As he pulled her to him he said, “I don’t like it when people play games with me.”  He leaned forward, staring into Debbie’s eyes, his own eyes hard and frightening.  He forced his tongue into her mouth, holding her head in a pincer-like grasp. Jim’s right hand went under her blouse, rooted around for her breasts, and squeezed so hard she gasped. “You are so beautiful,” he whispered into her left ear, his afternoon whiskers scratching her cheek.

Saying nothing, pretending to relax into the probing kisses, Debbie slid her hands up Jim’s chest and then pushed as hard as she could. Taken by surprise, he lost his hold, and the chair slid a foot away. Seizing the opportunity, she jumped up and ran to the opposite side of the room. “I have a lot to do, Mr. Perry.  I think you should leave now.”

“Since when did I become Mr. Perry? Aren’t we good friends?”  He languorously stood, brushing down the front of his black slacks while staring into her eyes.

“Yes. Of course,” she said as she silently slid closer to the wall phone.

“Haven’t I been a great help to you? Don’t I listen to your concerns?”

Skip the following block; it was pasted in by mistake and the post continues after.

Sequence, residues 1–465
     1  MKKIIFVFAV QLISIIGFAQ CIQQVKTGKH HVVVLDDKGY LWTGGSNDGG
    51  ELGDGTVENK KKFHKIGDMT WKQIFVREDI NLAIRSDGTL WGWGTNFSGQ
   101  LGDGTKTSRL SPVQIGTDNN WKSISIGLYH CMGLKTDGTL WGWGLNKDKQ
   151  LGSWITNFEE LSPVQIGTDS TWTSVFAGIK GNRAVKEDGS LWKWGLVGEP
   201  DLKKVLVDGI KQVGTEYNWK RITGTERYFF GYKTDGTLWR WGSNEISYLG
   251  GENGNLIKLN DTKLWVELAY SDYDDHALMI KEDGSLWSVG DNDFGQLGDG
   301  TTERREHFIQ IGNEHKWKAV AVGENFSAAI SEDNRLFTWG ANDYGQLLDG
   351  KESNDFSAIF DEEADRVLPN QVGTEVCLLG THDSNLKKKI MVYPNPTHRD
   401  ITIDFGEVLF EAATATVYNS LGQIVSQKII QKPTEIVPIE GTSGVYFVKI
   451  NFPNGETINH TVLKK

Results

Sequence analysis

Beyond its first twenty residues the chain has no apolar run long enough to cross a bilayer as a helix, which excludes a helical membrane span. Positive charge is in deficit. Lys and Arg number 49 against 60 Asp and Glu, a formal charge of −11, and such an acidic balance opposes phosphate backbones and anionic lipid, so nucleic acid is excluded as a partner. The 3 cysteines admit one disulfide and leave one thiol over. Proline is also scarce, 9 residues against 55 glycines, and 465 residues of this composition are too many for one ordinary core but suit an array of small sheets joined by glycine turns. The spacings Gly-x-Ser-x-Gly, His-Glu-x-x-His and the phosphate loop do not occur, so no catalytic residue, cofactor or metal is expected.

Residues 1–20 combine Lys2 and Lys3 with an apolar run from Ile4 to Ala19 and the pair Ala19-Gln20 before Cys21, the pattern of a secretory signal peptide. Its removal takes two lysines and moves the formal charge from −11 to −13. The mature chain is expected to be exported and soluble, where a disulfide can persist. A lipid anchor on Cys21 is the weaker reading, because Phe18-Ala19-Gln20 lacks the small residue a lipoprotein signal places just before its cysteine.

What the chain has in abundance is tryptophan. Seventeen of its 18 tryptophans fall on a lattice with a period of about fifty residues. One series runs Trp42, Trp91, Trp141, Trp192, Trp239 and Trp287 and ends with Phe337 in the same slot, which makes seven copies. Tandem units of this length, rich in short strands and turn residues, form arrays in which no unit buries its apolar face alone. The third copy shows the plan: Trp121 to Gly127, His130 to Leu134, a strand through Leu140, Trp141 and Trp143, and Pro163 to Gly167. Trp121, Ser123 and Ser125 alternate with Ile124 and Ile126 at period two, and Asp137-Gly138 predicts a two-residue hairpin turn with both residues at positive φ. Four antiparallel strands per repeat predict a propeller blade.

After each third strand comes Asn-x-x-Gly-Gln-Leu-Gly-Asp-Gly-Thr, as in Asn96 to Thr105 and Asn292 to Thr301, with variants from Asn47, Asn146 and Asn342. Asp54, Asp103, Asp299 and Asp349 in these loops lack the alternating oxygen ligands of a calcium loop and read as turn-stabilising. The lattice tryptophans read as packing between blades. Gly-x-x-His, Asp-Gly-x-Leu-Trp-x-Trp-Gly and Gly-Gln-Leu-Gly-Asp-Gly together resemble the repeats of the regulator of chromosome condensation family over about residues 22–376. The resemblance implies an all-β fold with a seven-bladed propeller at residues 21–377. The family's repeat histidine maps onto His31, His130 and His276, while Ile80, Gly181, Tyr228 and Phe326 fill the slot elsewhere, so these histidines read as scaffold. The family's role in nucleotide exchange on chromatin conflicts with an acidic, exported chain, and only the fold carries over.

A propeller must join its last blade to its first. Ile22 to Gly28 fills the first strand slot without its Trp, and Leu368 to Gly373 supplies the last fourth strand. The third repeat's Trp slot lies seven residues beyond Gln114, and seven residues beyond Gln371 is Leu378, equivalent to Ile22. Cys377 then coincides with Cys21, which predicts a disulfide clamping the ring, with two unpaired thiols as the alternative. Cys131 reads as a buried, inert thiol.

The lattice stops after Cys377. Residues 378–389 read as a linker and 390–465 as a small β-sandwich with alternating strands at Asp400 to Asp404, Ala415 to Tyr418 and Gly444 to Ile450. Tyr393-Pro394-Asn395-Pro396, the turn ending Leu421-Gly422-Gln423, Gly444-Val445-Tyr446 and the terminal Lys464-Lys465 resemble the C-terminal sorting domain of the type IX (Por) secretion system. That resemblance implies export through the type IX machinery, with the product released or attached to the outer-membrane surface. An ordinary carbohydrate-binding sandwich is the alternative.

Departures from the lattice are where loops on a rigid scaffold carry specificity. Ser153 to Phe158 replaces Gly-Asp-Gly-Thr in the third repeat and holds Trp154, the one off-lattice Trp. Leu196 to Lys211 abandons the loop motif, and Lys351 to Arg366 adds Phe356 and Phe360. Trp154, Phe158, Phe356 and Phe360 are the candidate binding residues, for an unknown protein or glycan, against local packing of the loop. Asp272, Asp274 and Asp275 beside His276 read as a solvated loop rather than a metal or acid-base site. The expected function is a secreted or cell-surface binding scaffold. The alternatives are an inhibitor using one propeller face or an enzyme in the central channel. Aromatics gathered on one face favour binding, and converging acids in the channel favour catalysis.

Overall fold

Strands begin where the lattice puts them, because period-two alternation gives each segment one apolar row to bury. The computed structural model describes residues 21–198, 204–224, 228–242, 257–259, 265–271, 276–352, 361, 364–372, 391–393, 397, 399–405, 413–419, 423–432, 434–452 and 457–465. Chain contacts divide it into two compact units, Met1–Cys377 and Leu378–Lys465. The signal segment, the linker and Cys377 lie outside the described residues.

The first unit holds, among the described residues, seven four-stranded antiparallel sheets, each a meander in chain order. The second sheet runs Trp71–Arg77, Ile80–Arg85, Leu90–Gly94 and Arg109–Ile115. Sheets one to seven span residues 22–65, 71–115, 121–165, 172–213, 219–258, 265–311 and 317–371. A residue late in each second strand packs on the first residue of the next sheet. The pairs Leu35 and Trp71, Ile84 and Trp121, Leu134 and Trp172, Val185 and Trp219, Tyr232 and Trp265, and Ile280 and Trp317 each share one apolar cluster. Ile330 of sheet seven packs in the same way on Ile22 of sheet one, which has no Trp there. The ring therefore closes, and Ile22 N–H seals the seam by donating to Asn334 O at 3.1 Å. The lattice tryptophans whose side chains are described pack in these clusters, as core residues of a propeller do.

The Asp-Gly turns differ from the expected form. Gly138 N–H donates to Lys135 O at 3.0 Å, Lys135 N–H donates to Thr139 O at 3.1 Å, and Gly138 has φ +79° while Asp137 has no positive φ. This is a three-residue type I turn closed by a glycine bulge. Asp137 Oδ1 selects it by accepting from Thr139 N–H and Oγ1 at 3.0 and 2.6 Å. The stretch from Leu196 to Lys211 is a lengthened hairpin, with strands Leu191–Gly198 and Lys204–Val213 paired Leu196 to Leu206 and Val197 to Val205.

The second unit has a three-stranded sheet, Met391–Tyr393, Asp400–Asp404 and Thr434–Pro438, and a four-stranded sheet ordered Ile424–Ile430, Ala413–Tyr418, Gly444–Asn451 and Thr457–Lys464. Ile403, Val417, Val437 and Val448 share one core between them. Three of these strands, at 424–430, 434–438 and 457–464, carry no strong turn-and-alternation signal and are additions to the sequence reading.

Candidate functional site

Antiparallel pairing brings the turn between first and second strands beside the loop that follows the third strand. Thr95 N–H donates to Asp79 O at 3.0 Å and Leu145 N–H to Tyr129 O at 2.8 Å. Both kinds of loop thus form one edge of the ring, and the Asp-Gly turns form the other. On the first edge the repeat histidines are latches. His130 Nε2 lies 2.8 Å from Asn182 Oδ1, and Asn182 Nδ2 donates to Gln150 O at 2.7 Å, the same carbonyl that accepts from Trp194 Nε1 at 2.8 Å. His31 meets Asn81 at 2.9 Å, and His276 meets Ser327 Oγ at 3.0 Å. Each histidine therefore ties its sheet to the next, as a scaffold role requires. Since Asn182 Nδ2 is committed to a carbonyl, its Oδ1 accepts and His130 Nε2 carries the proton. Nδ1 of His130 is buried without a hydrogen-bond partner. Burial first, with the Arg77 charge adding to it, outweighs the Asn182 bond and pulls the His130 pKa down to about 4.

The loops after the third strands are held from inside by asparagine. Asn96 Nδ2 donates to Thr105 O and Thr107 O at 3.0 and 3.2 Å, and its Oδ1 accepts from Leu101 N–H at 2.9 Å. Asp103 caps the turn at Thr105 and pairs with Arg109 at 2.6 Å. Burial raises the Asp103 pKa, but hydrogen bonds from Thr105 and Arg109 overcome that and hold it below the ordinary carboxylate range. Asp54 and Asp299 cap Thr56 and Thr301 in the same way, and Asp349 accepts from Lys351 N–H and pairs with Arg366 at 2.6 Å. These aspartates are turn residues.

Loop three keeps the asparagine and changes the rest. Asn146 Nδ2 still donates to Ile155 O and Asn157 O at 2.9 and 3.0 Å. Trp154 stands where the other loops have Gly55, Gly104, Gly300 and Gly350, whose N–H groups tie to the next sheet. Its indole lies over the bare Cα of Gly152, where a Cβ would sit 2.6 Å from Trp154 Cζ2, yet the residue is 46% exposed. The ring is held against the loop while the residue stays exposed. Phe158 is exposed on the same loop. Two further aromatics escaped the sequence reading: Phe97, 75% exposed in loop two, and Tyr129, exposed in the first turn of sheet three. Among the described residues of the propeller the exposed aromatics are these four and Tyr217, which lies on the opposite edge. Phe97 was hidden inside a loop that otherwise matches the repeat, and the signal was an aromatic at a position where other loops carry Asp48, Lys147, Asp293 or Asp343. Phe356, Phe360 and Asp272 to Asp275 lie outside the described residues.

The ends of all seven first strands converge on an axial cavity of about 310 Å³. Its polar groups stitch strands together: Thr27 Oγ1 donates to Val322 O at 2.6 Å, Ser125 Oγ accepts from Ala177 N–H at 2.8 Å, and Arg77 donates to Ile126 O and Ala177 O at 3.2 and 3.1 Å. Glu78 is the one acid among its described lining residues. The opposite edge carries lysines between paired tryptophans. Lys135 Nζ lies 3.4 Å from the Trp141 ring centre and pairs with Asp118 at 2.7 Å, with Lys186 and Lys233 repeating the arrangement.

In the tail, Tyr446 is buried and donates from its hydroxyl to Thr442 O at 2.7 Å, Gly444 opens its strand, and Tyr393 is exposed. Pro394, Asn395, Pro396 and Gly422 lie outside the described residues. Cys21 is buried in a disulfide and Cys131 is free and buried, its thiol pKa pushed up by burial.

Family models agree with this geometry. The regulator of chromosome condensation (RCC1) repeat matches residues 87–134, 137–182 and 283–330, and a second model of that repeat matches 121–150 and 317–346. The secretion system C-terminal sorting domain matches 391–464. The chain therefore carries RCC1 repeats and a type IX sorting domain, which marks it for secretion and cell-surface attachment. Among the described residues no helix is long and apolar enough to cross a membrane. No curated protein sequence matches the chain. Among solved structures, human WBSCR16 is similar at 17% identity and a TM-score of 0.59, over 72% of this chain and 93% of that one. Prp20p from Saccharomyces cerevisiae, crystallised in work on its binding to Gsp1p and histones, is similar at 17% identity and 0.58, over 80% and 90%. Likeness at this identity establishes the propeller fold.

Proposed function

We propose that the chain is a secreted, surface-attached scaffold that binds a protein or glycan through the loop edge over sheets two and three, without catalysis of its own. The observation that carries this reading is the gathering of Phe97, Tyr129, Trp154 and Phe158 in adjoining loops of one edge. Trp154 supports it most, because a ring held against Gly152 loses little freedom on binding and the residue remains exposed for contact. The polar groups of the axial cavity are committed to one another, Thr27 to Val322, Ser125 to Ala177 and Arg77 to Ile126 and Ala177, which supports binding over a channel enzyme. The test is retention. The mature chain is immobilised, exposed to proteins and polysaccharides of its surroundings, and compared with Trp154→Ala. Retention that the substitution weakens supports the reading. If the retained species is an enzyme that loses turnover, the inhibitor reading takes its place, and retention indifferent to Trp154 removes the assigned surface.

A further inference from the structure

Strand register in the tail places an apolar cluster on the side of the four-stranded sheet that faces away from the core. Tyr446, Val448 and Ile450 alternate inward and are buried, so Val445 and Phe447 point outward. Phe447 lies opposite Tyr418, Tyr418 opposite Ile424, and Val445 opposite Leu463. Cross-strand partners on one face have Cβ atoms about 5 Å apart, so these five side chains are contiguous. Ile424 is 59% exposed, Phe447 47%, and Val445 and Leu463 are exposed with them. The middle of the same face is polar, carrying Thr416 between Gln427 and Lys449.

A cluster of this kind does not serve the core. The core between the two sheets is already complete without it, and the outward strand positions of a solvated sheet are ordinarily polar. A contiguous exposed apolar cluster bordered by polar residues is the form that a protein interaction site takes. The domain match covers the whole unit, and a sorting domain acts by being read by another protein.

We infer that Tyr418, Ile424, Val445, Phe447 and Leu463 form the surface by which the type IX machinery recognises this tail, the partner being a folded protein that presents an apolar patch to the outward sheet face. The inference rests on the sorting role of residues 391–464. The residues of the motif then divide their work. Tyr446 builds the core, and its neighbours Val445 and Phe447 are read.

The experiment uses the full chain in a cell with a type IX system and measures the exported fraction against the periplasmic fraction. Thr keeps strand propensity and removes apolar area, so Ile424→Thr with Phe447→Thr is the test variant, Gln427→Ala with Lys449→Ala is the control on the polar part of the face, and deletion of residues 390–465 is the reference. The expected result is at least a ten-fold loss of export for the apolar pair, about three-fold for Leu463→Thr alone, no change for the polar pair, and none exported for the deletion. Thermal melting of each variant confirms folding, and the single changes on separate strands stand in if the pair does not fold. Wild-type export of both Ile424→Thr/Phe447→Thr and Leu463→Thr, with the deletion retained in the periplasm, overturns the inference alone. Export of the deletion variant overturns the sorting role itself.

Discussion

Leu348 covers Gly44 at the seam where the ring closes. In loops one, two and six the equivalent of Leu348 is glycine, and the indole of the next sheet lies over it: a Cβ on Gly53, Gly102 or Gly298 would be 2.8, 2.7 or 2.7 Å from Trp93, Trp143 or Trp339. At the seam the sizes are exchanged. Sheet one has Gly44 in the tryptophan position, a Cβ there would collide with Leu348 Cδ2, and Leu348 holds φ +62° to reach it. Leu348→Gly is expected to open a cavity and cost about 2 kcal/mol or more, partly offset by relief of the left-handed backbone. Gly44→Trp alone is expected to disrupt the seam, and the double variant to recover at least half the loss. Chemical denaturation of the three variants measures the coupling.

“Yes,” Debbie said as he strode toward her. “But I really do have a lot of papers to grade.  I think you should leave.”

“I think you need a break,” Jim said as he quickly cut off her path. He grabbed her arms, forcing her against the classroom wall. “Quit fighting me.  I know you want this,” he said as his breathing quickened.  He pulled Debbie’s arms up over her head, crossed her wrists, and then smashed them against the wall with his left hand.  He placed his right leg between Debbie’s legs, his chest smothering hers. Jim’s fingers found her buttons, and slowly, ever so slowly, he undid each one.  “That’s better,” he said. “Now you’ll be more comfortable.  It’s very warm in here.  Why don’t you turn in a work order to get the air conditioning fixed?”